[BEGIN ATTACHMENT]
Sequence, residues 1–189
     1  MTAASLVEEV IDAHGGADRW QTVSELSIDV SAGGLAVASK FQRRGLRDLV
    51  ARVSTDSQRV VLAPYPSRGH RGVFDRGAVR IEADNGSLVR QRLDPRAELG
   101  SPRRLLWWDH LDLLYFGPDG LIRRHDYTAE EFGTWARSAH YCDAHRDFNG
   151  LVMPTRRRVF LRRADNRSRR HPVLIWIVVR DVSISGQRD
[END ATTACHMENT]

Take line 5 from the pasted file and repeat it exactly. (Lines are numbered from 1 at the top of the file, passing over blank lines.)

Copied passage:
   151  LVMPTRRRVF LRRADNRSRR HPVLIWIVVR DVSISGQRD